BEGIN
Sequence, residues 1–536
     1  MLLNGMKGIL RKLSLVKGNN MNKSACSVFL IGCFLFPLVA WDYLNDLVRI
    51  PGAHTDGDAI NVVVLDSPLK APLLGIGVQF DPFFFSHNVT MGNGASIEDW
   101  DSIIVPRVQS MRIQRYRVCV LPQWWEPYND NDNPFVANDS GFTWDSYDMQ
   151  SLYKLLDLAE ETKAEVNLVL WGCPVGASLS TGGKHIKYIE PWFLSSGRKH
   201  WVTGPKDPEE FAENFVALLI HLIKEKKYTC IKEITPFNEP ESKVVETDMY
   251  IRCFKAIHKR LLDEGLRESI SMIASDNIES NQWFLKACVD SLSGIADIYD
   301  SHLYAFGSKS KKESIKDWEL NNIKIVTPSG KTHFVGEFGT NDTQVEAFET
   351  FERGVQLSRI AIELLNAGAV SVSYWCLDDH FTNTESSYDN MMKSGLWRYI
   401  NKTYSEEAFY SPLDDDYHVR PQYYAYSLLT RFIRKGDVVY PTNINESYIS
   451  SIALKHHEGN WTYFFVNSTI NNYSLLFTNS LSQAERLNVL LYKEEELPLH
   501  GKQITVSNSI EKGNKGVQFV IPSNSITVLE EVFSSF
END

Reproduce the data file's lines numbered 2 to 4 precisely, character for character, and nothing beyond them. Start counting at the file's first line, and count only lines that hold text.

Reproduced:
     1  MLLNGMKGIL RKLSLVKGNN MNKSACSVFL IGCFLFPLVA WDYLNDLVRI
    51  PGAHTDGDAI NVVVLDSPLK APLLGIGVQF DPFFFSHNVT MGNGASIEDW
   101  DSIIVPRVQS MRIQRYRVCV LPQWWEPYND NDNPFVANDS GFTWDSYDMQ